It just came  to me that maybe that is how I am described to other people
the image I see when I hear that word is a 90 year old women who got to have a long life with her husband
I did realize I was in this widow world when calling the health insurance company after and when asked are you married
I said yes (habit of course) and she replied after a few clicks on her computer keyboard
Says here your husband passed away so No you are no longer considered Married ....Bam right in the gut
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Re: That Moment
« Reply #10 on: April 19, 2015, 04:18:43 PM »
My moment was leaving the cancer center without him, and then traveling 3 hours to our home. Then entering our home without him.

"Don't cry because it's over. Smile because it happened." Dr. Seuss


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Re: That Moment
« Reply #11 on: April 19, 2015, 04:56:18 PM »
Hugs to everyone here. I never had one specific moment that I realized I was a widow, but rather many of them. One was the funeral procession in which I was the first one after the casket. Another was at the wake, where the biggest chair was in the front and center, presumably for me. Then came the many times I had to tell people that my husband died.

Sometimes it still doesn't feel real.
Gone but not Squish.

Miss you forever baby girl, my Pru!


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Re: That Moment
« Reply #12 on: April 19, 2015, 05:06:04 PM »
Like MissingSquish and Jen, there wasn't a single, definable moment, in which the realization truly sank in that I was a widow. Rather, there have been a number of small, nearly indiscernible moments of clarity, in which my reality hit me square in the face. Some of those moments have come at expected times, such as those few small moments, after my Kenneth took his final breath, and that first night I faced sleeping alone, without him. Other times, it sort of sneaks up on me. I will be going along just fine, and then, BAM! One moment, I will be in the grocery store, trying to decide whether to pick up steak or chicken for dinner, thinking I should call him and get his opinion, when it occurs to me, I am widowed. There is no one at home to call, no one to cook for, no one to enjoy a meal with....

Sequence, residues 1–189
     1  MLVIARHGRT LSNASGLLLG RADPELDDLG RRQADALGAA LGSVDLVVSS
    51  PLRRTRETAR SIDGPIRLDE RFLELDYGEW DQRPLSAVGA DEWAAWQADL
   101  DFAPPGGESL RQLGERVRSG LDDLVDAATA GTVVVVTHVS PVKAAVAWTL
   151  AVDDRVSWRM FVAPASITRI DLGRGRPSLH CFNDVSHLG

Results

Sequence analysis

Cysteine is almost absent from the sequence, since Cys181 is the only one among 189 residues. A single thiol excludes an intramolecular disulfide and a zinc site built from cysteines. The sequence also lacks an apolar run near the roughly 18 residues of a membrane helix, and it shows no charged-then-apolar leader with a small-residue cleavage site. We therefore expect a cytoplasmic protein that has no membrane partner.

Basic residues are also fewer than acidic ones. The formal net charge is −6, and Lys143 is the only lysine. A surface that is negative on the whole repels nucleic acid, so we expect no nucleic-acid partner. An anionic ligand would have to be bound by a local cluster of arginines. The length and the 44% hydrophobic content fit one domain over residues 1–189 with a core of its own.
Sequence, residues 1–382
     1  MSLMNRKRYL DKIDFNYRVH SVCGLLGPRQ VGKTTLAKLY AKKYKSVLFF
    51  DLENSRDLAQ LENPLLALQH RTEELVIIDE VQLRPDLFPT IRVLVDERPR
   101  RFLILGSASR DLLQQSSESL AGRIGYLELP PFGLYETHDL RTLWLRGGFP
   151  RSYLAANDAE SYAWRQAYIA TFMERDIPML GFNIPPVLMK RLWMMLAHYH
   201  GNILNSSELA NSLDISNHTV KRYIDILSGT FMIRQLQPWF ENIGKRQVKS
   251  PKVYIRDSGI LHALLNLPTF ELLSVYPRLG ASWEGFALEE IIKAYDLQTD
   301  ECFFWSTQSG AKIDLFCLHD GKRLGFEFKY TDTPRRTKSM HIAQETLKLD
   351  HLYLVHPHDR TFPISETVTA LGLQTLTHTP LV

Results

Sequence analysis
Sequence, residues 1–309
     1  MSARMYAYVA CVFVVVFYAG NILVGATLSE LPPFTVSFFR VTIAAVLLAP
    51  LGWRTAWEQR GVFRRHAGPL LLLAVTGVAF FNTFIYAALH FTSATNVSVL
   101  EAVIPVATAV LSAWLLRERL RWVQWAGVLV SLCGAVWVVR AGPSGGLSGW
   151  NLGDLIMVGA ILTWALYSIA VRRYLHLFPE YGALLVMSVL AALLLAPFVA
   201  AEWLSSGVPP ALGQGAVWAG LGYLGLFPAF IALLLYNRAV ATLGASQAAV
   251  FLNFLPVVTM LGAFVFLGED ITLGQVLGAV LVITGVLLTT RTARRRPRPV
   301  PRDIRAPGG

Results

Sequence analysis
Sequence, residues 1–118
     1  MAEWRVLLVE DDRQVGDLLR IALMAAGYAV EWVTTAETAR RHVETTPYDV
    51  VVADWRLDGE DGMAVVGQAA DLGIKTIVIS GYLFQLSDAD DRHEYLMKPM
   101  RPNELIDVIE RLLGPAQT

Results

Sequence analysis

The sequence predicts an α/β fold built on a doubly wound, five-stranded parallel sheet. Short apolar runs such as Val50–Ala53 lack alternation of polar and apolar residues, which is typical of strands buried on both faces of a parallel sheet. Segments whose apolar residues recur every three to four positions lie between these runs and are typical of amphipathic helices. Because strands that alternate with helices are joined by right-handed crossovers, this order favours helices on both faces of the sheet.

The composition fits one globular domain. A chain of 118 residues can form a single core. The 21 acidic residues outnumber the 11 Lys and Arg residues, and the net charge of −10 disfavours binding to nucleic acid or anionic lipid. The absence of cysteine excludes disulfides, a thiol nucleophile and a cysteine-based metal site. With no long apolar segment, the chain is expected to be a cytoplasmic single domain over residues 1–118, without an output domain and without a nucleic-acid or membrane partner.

"The highest tribute to the dead is not grief but gratitude." - Thornton Wilder

Thank you, my dearest Kenneth, for loving me and for giving me the best 13 years of my life.


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Re: That Moment
« Reply #13 on: April 19, 2015, 06:25:21 PM »
I had many little times where it reminded me I was now alone.  But I still struggle with saying it.  The first moment was last call when dispatched announced this as the last call and retired my loves number.  I knew I was truly alone as a partner and wife.


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Re: That Moment
« Reply #14 on: April 20, 2015, 08:17:32 AM »
His first "funeral" to me was like a random church service. His body was still in Saudi. And for 6 weeks after he died life was all about the details of getting his body here, his effects, his "death benefit", finding somewhere to move to. So when January 17th rolled around and I didn't have the "cloud" of recent shock, I had to drive behind a motorcycle missing man formation escort for nearly an hour to the cemetery and when I was shown to my seat in front of that table with that flag on it I lost the ability to breathe.  But That Moment for me, was when that young soldier knelt before me with those pristine white gloves and sincere brown eyes and handed me that flag. OMG.  I can hardly breathe right now thinking about it.
I can't look at the stars they make me wonder where you are. 
Stars.... up on heaven's boulevard
And if I know you at all
I know you've gone too far
 So I .... I can't look at the stars --Grace Potter